IMDb > Golden Boy (1939)
Golden Boy
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Golden Boy (1939) More at IMDbPro »

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Overview

User Rating:
6.9/10   1,149 votes »
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Down 11% in popularity this week. See why on IMDbPro.
Director:
Writers:
Lewis Meltzer (screenplay) &
Daniel Taradash (screenplay) ...
(more)
Contact:
View company contact information for Golden Boy on IMDbPro.
Release Date:
5 September 1939 (USA) See more »
Genre:
Tagline:
A Famous Play.....Now A Great Picture! See more »
Plot:
Despite his musical talent, Joe Bonaparte wants to be a boxer. Full summary » | Full synopsis »
Awards:
Nominated for Oscar. See more »
NewsDesk:
(33 articles)
Movie Poster of the Week: The Posters of Barbara Stanwyck
 (From MUBI. 6 December 2013, 11:00 AM, PST)

'Chuck' And 'Smash' Stars Head To Broadway
 (From Huffington Post. 20 May 2013, 9:27 AM, PDT)

Two Movie Toms Up for Broadway Award
 (From Alt Film Guide. 30 April 2013, 5:41 PM, PDT)

User Reviews:
Heavy-handed but charismatic See more (34 total) »

Cast

  (in credits order) (verified as complete)

Barbara Stanwyck ... Lorna Moon

Adolphe Menjou ... Tom Moody

William Holden ... Joe Bonaparte

Lee J. Cobb ... Mr. Bonaparte

Joseph Calleia ... Eddie Fuseli
Sam Levene ... Siggie
Edward Brophy ... Roxy Lewis (as Edward S. Brophy)
Beatrice Blinn ... Anna
William H. Strauss ... Mr. Carp

Don Beddoe ... Borneo
rest of cast listed alphabetically:
Charles Halton ... Newspaperman (scenes deleted)
Stanley Andrews ... Driscoll, Fight Official (uncredited)
Gordon Armitage ... Fighter (uncredited)
Earl Askam ... Policeman (uncredited)
Al Bayne ... Fighter (uncredited)
Don Brodie ... Reporter (uncredited)
Dora Clement ... Ill Ringsider Who Won't Leave (uncredited)
Irving Cohen ... Ex-Pug (uncredited)
Eddie Coke ... Photographer (uncredited)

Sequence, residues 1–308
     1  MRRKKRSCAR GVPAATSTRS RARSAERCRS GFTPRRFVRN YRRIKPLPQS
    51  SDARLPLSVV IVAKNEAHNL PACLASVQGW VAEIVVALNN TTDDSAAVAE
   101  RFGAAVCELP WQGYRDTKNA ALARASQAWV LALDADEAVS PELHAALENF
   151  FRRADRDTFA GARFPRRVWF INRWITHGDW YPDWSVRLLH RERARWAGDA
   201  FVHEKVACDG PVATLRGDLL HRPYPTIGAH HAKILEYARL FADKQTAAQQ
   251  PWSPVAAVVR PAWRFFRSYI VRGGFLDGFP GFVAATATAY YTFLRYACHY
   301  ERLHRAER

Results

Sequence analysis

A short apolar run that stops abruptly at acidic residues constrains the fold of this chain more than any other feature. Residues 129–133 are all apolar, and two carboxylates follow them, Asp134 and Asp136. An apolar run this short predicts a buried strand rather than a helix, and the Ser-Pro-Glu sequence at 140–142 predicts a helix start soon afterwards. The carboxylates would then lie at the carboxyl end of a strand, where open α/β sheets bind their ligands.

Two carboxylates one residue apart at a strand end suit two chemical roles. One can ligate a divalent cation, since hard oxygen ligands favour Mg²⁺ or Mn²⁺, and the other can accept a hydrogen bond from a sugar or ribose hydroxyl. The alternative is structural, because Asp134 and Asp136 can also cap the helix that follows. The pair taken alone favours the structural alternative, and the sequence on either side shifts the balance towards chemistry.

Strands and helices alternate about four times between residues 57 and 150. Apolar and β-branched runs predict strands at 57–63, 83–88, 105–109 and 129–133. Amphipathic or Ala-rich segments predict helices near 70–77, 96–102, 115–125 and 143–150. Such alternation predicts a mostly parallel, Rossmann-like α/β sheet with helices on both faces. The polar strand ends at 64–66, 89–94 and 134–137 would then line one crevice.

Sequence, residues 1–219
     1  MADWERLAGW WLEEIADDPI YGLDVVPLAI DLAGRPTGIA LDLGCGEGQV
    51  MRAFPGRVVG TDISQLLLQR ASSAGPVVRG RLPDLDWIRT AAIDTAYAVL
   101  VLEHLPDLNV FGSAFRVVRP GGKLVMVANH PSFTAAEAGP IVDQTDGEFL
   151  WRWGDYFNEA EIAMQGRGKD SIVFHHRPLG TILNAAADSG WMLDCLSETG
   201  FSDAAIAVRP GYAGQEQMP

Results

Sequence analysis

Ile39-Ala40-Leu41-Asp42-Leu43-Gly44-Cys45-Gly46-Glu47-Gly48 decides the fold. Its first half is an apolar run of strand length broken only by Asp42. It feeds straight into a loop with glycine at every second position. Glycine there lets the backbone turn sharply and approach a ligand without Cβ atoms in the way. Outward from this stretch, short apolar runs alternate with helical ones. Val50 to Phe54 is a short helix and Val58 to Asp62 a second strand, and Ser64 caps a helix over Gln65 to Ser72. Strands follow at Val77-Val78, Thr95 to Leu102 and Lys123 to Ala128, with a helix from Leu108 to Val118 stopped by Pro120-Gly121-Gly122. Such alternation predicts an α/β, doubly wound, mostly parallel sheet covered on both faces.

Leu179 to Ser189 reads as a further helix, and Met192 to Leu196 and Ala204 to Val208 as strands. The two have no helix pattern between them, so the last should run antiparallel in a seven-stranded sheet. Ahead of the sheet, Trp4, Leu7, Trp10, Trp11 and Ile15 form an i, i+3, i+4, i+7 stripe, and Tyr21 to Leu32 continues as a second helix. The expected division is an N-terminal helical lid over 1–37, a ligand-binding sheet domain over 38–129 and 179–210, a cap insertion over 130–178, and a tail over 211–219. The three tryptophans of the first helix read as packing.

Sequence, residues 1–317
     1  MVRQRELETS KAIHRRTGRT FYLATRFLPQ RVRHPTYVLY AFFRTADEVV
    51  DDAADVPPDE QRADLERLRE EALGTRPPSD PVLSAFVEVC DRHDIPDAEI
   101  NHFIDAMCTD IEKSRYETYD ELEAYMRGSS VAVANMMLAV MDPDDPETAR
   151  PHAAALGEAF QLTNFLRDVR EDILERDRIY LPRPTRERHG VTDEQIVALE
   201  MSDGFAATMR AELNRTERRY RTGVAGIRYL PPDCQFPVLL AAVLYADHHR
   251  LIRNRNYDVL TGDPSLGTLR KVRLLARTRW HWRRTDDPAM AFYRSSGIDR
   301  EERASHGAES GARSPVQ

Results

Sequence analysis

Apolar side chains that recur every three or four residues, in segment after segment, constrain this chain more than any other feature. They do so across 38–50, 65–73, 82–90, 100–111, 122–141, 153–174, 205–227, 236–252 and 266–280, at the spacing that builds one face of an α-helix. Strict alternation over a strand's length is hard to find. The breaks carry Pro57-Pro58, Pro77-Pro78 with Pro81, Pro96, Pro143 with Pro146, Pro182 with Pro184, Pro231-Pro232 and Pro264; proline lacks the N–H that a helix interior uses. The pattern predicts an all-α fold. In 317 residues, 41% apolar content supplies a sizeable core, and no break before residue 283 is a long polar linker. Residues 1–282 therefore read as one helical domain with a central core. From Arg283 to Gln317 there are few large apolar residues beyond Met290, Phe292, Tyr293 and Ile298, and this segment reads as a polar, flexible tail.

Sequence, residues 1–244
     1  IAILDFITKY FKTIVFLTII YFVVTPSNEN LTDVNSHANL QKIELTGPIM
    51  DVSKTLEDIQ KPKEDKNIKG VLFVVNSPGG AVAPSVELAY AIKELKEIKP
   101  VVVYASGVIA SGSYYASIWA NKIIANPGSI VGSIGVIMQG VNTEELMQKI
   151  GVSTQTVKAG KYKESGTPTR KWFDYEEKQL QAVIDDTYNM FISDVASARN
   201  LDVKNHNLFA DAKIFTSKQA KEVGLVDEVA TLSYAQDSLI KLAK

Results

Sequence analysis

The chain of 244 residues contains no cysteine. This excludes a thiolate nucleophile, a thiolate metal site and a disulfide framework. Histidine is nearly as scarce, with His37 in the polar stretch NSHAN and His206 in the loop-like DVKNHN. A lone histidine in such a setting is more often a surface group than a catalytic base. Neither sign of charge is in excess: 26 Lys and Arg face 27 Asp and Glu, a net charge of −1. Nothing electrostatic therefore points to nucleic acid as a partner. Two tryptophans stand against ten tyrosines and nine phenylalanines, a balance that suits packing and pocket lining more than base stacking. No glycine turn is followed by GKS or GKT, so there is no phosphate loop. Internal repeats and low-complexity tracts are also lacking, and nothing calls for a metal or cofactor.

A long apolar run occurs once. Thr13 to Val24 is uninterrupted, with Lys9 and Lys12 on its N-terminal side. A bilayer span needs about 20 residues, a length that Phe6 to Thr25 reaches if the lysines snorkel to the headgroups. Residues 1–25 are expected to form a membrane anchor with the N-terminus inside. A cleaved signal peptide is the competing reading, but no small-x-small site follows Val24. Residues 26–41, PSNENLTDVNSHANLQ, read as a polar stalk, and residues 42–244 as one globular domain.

Dorothy Comingore ... Fight Spectator (uncredited)
Onest Conley ... Jimmy, Chocolate Drop's Brother (uncredited)
Sayre Dearing ... Reporter (uncredited)
Eddie Fetherston ... Reporter Wilson (uncredited)

Tommy Garland ... Fighter (uncredited)
Mickey Golden ... Fighter (uncredited)
Alfred Grant ... Daniel, Chocolate Drop's Older Brother (uncredited)

Joe Gray ... Fighter (uncredited)
James 'Cannonball' Green ... Chocolate Drop (uncredited)
Kit Guard ... Ringsider (uncredited)
Sam Hayes ... Broadcaster (uncredited)
Frank Jenks ... Pepper White (uncredited)
Anne Kay ... Fat Woman (uncredited)
John Kerns ... Fighter (uncredited)

Charles Lane ... Reporter Drake (uncredited)
Al Lang ... Fight Second (uncredited)
Ian McEwing ... Referee (uncredited)
Larry McGrath ... Referee (uncredited)
Pat McKee ... Fight Spectator (uncredited)
Alex Melesh ... Stranger (uncredited)
Frank Mills ... Fight Spectator Rapidly Chewing Gum (uncredited)
Bruce Mitchell ... Guard (uncredited)
Roy Moore ... Lucky Nelson (uncredited)
Lee Phelps ... Ring Announcer (uncredited)
Charles Randolph ... Referee (uncredited)
Cyril Ring ... Extra in Moody's New Office (uncredited)
Clinton Rosemond ... Chocolate Drop's Father (uncredited)
Robert Ryan ... Referee (uncredited)
Syd Saylor ... Ringsider Next to Pa Bonaparte (uncredited)
Cy Schindell ... Fighter (uncredited)
Charles Sherlock ... Reporter Saying 'That's Too Bad' (uncredited)

Robert Sterling ... Elevator Boy (uncredited)
Landers Stevens ... Ringsider with Ill Woman (uncredited)
Jack Stewart ... Policeman (uncredited)
Charles Sullivan ... Referee (uncredited)
Harry Tyler ... Mickey, Pepper White's Handler (uncredited)
Minerva Urecal ... Grocery Customer (uncredited)
Dave Willock ... Arena Call Boy (uncredited)

John Wray ... Chocolate Drop's Manager (uncredited)

Directed by
Rouben Mamoulian 
 
Writing credits
Lewis Meltzer (screenplay) &
Daniel Taradash (screenplay) &
Sarah Y. Mason (screenplay) &
Victor Heerman (screenplay)

Clifford Odets (play)

Produced by
William Perlberg .... producer
 
Original Music by
Victor Young 
 
Cinematography by
Karl Freund (director of photography)
Nicholas Musuraca (director of photography) (as Nick Musuraca)
 
Film Editing by
Otto Meyer 
 
Art Direction by
Lionel Banks 
 
Costume Design by
Robert Kalloch (gowns) (as Kalloch)
 
Makeup Department
Hollis Donahue .... hair stylist: Barbara Stanwyck (uncredited)
 
Second Unit Director or Assistant Director
Gene Anderson .... assistant director (uncredited)